LPA - Health and Welfare

How to set up a Health and Welfare LPA

To create a valid Health and Welfare LPA, you must:

  1. Be 18 or over and have the mental capacity to make the decisions you want to delegate.

  2. Choose your attorney(s) – you can appoint one or more people, and should consider appointing replacement attorneys.

  3. Fill in the relevant forms, which can be done online or on paper.

  4. Sign the LPA in the presence of a witness and have your attorney(s) and witness sign as well.

  5. Register the LPA with the Office of the Public Guardian (this must be done before it can be used).

It’s advisable to seek guidance from a professional who specialises in this area to ensure your LPA is properly set up and registered.

Life insurance through business

1. When can a Health and Welfare LPA be used?

A Health and Welfare LPA can only be used once it has been registered with the Office of the Public Guardian and after the donor has lost mental capacity. The attorney(s) cannot make decisions on the donor’s behalf while they still have the ability to make decisions for themselves.

2. Can I change or cancel my Health and Welfare LPA?

Yes, as long as you have mental capacity, you can make changes to your LPA or cancel it entirely. This involves filling out the relevant forms and notifying the Office of the Public Guardian. If you want to make substantial changes, you may need to create a new LPA.

3. How much does it cost to set up a Health and Welfare LPA?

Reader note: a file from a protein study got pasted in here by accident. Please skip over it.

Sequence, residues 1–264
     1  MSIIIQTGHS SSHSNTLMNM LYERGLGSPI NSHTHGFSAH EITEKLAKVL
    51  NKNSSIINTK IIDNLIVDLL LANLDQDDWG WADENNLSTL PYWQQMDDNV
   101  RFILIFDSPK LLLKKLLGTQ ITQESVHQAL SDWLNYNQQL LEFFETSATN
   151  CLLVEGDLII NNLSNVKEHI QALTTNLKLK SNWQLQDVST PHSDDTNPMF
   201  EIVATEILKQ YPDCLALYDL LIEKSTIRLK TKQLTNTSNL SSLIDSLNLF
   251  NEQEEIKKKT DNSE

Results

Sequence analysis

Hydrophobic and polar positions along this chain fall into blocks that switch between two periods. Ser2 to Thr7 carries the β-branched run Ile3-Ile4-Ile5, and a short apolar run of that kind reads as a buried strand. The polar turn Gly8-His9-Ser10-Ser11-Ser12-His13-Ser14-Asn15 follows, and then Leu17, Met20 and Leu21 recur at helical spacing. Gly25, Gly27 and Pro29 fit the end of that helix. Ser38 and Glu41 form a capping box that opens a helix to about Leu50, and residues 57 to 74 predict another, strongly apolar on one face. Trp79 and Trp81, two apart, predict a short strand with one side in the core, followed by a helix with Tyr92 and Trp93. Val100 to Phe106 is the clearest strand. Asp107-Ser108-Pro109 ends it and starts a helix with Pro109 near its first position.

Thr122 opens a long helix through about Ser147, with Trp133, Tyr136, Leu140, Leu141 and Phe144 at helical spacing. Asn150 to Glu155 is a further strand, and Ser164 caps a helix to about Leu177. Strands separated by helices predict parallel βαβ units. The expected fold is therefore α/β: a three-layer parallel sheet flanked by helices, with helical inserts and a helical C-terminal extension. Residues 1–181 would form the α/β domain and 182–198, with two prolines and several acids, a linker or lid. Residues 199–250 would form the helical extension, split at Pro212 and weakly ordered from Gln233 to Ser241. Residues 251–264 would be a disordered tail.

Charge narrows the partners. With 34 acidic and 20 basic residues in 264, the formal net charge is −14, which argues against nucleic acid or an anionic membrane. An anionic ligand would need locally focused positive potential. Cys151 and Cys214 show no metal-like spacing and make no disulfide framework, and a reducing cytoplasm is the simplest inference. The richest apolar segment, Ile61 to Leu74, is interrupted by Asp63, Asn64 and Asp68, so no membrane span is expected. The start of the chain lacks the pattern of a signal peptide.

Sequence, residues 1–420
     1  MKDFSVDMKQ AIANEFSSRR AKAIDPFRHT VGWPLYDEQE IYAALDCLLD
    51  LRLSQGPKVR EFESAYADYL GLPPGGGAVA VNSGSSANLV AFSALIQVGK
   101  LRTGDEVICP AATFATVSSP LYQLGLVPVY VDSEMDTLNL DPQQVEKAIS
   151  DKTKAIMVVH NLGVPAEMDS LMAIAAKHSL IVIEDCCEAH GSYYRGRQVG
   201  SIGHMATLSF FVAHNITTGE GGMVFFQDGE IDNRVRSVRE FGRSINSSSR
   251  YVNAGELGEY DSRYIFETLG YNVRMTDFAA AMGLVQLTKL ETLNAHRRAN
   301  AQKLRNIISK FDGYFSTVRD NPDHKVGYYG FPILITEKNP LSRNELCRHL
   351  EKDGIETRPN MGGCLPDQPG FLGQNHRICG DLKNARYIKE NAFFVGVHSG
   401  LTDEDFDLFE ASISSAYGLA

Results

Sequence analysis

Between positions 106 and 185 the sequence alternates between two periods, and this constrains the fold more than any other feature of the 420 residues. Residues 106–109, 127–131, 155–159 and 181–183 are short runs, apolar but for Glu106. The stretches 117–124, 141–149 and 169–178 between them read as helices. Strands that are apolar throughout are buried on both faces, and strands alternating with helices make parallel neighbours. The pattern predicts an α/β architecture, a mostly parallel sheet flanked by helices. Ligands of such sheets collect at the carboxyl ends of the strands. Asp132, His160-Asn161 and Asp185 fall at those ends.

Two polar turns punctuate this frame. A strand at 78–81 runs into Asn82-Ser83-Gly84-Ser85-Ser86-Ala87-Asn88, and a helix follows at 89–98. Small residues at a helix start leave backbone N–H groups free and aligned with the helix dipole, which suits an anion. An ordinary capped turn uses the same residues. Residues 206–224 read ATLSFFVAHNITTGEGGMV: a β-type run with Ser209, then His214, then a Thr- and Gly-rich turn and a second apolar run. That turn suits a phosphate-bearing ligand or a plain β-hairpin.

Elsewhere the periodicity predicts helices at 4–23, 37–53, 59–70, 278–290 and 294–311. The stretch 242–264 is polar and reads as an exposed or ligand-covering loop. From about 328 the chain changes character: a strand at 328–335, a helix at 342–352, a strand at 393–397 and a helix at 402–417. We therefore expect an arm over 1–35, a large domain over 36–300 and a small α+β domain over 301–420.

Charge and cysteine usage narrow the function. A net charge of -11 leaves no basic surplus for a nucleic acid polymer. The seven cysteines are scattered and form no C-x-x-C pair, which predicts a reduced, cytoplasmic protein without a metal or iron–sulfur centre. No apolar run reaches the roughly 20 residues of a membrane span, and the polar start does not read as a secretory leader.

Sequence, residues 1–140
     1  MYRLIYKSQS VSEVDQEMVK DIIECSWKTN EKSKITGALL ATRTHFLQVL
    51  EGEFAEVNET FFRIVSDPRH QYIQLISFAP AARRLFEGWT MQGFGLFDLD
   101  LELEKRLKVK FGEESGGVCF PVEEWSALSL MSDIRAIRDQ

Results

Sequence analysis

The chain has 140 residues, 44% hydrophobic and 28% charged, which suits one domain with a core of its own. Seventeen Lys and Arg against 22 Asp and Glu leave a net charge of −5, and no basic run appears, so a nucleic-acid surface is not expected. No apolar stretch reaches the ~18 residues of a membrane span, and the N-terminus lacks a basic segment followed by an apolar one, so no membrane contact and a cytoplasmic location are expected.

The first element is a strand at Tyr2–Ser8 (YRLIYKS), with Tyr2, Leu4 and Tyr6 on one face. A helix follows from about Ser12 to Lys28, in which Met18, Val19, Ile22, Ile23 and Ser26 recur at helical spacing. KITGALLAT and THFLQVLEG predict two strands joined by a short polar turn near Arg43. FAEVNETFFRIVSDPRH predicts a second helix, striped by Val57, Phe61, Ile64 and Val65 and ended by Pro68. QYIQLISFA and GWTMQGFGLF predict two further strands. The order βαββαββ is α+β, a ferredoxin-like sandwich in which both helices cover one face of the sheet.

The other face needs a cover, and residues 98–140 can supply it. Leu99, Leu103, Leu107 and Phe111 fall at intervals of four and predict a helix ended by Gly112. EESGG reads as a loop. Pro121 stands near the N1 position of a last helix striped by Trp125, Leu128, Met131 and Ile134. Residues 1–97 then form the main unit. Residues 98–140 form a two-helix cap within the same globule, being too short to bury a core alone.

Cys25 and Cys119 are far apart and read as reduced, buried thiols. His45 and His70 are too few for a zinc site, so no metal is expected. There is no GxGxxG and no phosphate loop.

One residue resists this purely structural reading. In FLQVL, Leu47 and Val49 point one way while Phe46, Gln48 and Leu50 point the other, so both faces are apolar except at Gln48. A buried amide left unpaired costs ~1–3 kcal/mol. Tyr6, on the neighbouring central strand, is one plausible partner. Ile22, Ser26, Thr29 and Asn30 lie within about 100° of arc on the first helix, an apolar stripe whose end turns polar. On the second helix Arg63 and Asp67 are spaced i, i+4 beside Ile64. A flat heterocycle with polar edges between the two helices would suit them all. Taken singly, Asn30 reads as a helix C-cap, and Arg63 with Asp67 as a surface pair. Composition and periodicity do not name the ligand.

As of 2023, it costs £82 to register each LPA in England and Wales. This means if you’re setting up both a Health and Welfare LPA and a Property and Financial Affairs LPA, you’ll need to pay £164. Some people may be eligible for a reduced fee or exemption depending on their financial circumstances.

4. What happens if I don’t have a Health and Welfare LPA and lose mental capacity?

If you lose mental capacity without a Health and Welfare LPA in place, your loved ones would need to apply to the Court of Protection to become your deputy. This process is more time-consuming, costly, and stressful compared to having an LPA set up in advance. The court will make decisions based on your best interests, but the deputy may not be the person you would have chosen.

5. Can I appoint more than one attorney for my Health and Welfare LPA?

Yes, you can appoint multiple attorneys and specify whether they should make decisions jointly (unanimously) or jointly and severally (independently). You can also appoint replacement attorneys to step in if your original attorney(s) can no longer act on your behalf.

The Bottom Line

In summary, a Lasting Power of Attorney for Health and Welfare is a vital tool for anyone who wants to plan ahead for the possibility of losing mental capacity. By appointing someone you trust to make decisions about your care and treatment, you can have the reassurance that your well-being will be prioritised and your wishes respected, even if you can no longer communicate them yourself.Don’t wait until it’s too late – consider setting up a Health and Welfare LPA today to protect yourself and your loved ones in the future.